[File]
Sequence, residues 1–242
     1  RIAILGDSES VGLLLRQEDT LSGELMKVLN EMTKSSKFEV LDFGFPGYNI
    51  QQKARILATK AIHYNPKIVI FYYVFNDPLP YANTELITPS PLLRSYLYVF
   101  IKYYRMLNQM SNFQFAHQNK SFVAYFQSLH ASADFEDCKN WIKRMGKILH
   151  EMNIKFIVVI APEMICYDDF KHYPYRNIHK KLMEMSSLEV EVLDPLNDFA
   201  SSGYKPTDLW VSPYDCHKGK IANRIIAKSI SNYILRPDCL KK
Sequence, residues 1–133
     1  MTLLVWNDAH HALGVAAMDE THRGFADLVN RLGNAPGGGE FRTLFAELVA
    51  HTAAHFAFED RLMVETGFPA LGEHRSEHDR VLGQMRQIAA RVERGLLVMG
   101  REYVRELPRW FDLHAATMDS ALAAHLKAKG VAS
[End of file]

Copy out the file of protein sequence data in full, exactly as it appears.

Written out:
Sequence, residues 1–242
     1  RIAILGDSES VGLLLRQEDT LSGELMKVLN EMTKSSKFEV LDFGFPGYNI
    51  QQKARILATK AIHYNPKIVI FYYVFNDPLP YANTELITPS PLLRSYLYVF
   101  IKYYRMLNQM SNFQFAHQNK SFVAYFQSLH ASADFEDCKN WIKRMGKILH
   151  EMNIKFIVVI APEMICYDDF KHYPYRNIHK KLMEMSSLEV EVLDPLNDFA
   201  SSGYKPTDLW VSPYDCHKGK IANRIIAKSI SNYILRPDCL KK
Sequence, residues 1–133
     1  MTLLVWNDAH HALGVAAMDE THRGFADLVN RLGNAPGGGE FRTLFAELVA
    51  HTAAHFAFED RLMVETGFPA LGEHRSEHDR VLGQMRQIAA RVERGLLVMG
   101  REYVRELPRW FDLHAATMDS ALAAHLKAKG VAS